stating that the general rule, that the municipality's duty to warn arises only if the municipality has actual knowledge or constructive notice of dangerous conditions, is inapplicable if the "defect * * * is one which [the municipality] created."Summary of this case from Schroeder v. St. Louis County
February 21, 1969.
Negligence — failure of township to post warning sign at T-intersection.
1. Where circumstantial evidence shows that a heavily loaded truck at an unlighted T-intersection went off a road which at night appeared to continue straight ahead, causing the driver to be killed when the truck overturned, the jury could properly find that the township was negligent in failing to post a warning sign pursuant to Minn. St. 169.06, subd. 3, and that the driver was free from contributory negligence.
Trial — instructions — refusal to give requested instructions.
2. It is not reversible error for the court to refuse a charge on the issue of whether a T-intersection was a "pitfall, trap, or snare" where the court predicates liability on the township's failure to comply with § 169.06, subd. 3, which embodies the general principles requested.
Same — same — same.
3. It is not reversible error for the court to refuse an instruction on a township's right to notice of the absence of a warning sign at a T-intersection where the evidence is undisputed that the township's employees knew the sign had been removed from its post for extended periods of time and attempts to replace it had been ineffective.
Appeal and error — other assignments of error.
4. Other assignments of error considered and held not to require a new trial.
Action in the Olmsted County District Court for death by wrongful act brought by Kathryn P. Larson, trustee for the heirs of Merlyn W. Larson, who died when the truck which he was driving overturned at the intersection of two roads, one maintained by defendant township of New Haven, Olmsted County, and the other by defendant township of Pine Island, Goodhue County. The case was tried before John F. Cahill, Judge, and a jury, which returned a verdict for plaintiff for $25,000 against the township of Pine Island only. Said defendant appealed from an order denying its alternative motion for judgment notwithstanding the verdict or for a new trial. Affirmed.
Thomas J. Battis and Murnane, Murnane, Battis deLambert, for appellant.
Roger Sahr, Clarence Schlehuber, and West Gowan, for respondent.
Heard before Knutson, C. J., and Otis, Rogosheske, Sheran, and Peterson, JJ.
Defendant township of Pine Island appeals from an order denying judgment n. o. v. or a new trial in an action for death by wrongful act. The jury awarded plaintiff a verdict of $25,000. The action was predicated on defendant's failure properly to maintain a warning sign at the approach to a T-intersection which plaintiff alleges caused the death of decedent when he was unable to negotiate the corner, went off the highway, and was thrown from his vehicle as it overturned.
The issues which require our consideration are (1) whether the verdict is supported by the evidence; (2) whether the court erred in denying defendant's requested instruction that plaintiff must prove the intersection was a pitfall, trap, or snare; and (3) whether the court erred in failing to charge the jury that plaintiff must prove defendant had notice the warning sign was not in place.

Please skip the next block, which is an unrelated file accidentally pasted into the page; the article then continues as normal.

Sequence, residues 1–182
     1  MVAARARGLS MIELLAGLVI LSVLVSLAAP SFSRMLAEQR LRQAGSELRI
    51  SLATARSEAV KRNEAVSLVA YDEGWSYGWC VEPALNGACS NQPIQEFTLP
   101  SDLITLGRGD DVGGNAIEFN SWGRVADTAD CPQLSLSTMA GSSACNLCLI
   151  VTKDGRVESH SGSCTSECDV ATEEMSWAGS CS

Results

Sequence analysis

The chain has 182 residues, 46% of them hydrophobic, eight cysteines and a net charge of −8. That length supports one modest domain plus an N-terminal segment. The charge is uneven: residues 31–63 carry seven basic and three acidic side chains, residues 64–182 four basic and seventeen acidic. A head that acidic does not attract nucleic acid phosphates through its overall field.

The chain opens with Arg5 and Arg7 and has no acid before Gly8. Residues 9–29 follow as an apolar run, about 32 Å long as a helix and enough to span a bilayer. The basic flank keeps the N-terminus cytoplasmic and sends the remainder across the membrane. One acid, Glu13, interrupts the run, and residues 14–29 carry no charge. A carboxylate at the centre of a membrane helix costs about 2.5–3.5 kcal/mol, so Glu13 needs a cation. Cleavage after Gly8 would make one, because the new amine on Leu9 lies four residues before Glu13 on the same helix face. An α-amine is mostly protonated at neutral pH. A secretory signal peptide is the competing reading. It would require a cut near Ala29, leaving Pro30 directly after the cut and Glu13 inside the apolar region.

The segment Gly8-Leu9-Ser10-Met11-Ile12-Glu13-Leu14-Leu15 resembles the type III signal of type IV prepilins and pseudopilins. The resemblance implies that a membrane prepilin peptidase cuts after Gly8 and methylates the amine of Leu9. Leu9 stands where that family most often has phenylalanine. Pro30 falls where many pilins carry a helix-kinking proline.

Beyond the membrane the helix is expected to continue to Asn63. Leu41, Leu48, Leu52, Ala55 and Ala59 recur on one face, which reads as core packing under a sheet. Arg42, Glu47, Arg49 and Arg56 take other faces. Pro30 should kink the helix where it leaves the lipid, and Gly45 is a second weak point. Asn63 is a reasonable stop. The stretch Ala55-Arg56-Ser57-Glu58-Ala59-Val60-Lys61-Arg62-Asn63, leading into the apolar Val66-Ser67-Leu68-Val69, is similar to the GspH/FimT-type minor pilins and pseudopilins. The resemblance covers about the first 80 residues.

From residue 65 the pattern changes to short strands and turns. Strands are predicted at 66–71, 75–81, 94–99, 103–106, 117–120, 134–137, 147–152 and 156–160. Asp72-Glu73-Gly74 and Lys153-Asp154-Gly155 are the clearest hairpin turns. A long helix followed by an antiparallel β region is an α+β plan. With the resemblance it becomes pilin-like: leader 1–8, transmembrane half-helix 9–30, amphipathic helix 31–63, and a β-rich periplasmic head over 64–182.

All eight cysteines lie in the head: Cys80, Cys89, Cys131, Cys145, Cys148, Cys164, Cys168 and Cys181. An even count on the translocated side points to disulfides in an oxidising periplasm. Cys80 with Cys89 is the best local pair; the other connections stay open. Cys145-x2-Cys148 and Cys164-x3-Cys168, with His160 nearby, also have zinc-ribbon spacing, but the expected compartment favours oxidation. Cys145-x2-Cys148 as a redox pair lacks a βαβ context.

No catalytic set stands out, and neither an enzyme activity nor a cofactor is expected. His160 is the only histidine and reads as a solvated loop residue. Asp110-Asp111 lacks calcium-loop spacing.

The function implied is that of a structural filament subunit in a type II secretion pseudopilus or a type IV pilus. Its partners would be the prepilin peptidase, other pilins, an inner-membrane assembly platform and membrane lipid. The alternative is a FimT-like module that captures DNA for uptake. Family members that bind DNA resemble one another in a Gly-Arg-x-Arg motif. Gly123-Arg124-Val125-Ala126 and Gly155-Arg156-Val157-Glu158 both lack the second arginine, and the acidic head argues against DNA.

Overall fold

1. There were no eyewitnesses to the accident. Most of the evidence was circumstantial. At the time of the accident on May 22, 1964, decedent, Merlyn W. Larson, was employed as a truckdriver by a farmer near Zumbrota, Minnesota. On the previous evening he had loaded a double-deck livestock trailer with approximately 125 hogs, averaging in weight about 250 pounds. At 1 o'clock in the morning he left for Milwaukee, Wisconsin, driving south on a Pine Island township road, intending to reach U.S. Highway No. 52. Apparently Mr. Larson had been advised that he could see Highway No. 52 from the township road although they did not connect, and was told he would have to take another road to reach that highway.
The Pine Island road was 18 feet in width and unpaved. It terminated and formed a "T" at a New Haven township road, 22 feet in width, about a quarter of a mile from U.S. Highway No. 52. The approach to the T-intersection was hilly. Lights and traffic on Highway No. 52 could be seen when cars were a considerable distance north of the intersection. It is agreed that on the night of the accident there was no sign or other warning that a T-intersection lay ahead.
When the accident was discovered the next morning, the tractor-trailer had overshot the intersection, run down a 3-foot bank, broken off a utility pole, and turned over on its left side, facing in a westerly direction. Decedent was found some 10 feet in front of his cab. There appeared to be no skid marks across the intersection.
In this state of the record, defendant argues that the jury could not properly reconstruct the accident and decide whether it was proximately caused by the township's failure to warn approaching vehicles of the hazardous intersection. The township contends that the evidence does not permit an inference that decedent was unaware of the intersection, or that a sign would have prevented the accident, and that the circumstances do not preclude an equally plausible inference that decedent was traveling too fast, without his lights on high beam, and that the accident occurred because he was inattentive and did not properly apply his brakes. We do not agree. The combination of circumstances recited justified a finding that decedent was traveling on an unfamiliar road in the dark of night with a heavy load and, because he had no warning, the nature of the terrain gave him no reason to believe that the road would abruptly end without affording him an opportunity to slow down and make the turn. The road on which he was traveling appeared to continue to Highway No. 52, which was brightly lighted, and it was not until a traveler was almost at the intersection that it was possible to determine the road ended in a sloping bank leading into a field.